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Ryerson Journalism Professor April Lindgren Sounds Alarm on Loss of Local Journalism and Rising News Poverty

Access to reliable local news is as essential to the wellbeing of communities as safe drinking water
February 26, 2021

The Local News Research Project, external link is led by Professor April Lindgren, Velma Rogers Research Chair at Ryerson’s School of Journalism. The project’s Local News Map initiative tracks and maps changes to local news ecosystems across Canada, including the closing, launch and merging of local news operations. The map was started in 2016, but its data reach back to 2008, a year marked by a steep downturn in the news media industry. Since then, it has made visible multiple trends, including the loss of local newspapers in smaller communities. 

While bigger provinces like Quebec and Ontario are seeing an overall greater number of closures--because they have the largest media sectors--in lesser cities and towns, one single business closure, or a shift to regionalization (where one outlet serves multiple communities), can lead to a marked decline in local, on-the-ground reporting. 

According to the latest (Feb. 1) figures of the Local News Map, 423 local news outlets across 303 communities have disappeared since 2008. In the 166 communities on the map with 15,000 residents or fewer, a total of 188 media organizations have shuttered; roughly 75% of these communities have not seen anything new open up to fill the gap, even online.

The danger, says Lindgren, is that the trend of net loss of small-market news outlets will lead to  pockets of “local news  poverty” across the country, threatening the wellbeing of communities and the functioning of local democracies.

Lindgren describes local news poverty as “situations where communities don’t have access to the timely, relevant, independently produced, verified news they need to navigate daily life including reporting on health, education, economic, transportation, environmental, and civic and political matters.”

“Without this access,” she says, “people are left to sort out fact from fiction on their own. There is also no shared set of facts on which to base decisions and debate local issues.”  

The COVID-19 pandemic crisis has provided a striking example of a situation in which access to timely, reliable news and reporting can spell the difference between life and death in communities. But a public health emergency is not the only scenario in which local news matters. 

Take for example High Level, Alberta, where the sole local newspaper now only has one freelance reporter. Municipal leaders noted a resulting local news vacuum, external link that was contributing to a lack of collective understanding of civic matters, and a general suspicion of city hall. The solution? The city cancelled its advertising in the paper and reallocated the funds to buy a subscription for every household in town. In exchange, it gets one free page of space per week for important municipal updates. Lindgren says the High Level example speaks to how difficult getting a message out to residents can be for municipal governments even when there is a local news source in the community.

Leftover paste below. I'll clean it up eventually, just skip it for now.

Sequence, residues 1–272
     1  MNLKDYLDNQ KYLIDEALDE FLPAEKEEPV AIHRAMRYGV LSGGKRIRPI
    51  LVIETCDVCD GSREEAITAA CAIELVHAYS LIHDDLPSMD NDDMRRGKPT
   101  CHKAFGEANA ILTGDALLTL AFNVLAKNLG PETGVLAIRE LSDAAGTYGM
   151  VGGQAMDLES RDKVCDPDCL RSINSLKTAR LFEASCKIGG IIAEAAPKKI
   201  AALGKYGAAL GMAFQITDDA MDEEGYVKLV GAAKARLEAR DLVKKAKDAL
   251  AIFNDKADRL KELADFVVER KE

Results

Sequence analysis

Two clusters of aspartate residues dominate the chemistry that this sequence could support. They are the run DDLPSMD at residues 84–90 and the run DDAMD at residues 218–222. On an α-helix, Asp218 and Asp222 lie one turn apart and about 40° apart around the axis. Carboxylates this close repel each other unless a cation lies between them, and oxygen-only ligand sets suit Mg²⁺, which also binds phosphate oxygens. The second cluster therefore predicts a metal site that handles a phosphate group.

The challenges faced by the news industry have been exacerbated by the pandemic. Just as the pandemic has dealt a blow to all businesses, newsrooms across the country have also felt the impact. In 2020, 48 community newspapers in Canada closed permanently, and 179 news media organizations reported layoffs or job losses; nearly 3,000 editorial and non-editorial workers have lost their jobs since March 2020. “Some might be temporary layoffs, but at this point we know about 1,200 of these jobs have turned into permanent losses,” says Lindgren. 

“Although 2020’s numbers are bad, it’s not the worst year on record for the industry since we’ve been keeping track,” she adds. “Having said that, the worst may not be over yet. It’s not at all clear if or when the local advertising that sustains many news organizations will bounce back.”

A vocal champion of community news, Professor Lindgren works tirelessly to sound the alarm on our nation’s loss of news media outlets and journalism jobs, and to spotlight the risks of media poverty. In her 2020 op-ed, “Local news is being decimated during one of its important moments, external link,” she calls for an urgent collective solution to address the dire state of local journalism, noting that it is an essential part of well-functioning local democracies. 

“Journalism is a public good, and it has become clear that the private sector is unable to on its own provide for that public good. We need now for the public sector to step in and provide support,” she says. “We’re seeing some positive changes, but there is much more to be done.”

Additional Information

Read the report on the PDF filelatest data from the Local News Map, external link, released February 1, 2021, and discover the latest research, external link from the Local News Research Project.

Follow April Lindgren on Twitter (@aprilatryerson, external link) and find news on this issue using hashtag #CDNmedia. 

Register for our free webinar on March 5, 2021, featuring Professor Lindgren on “Mapping Local News Poverty.”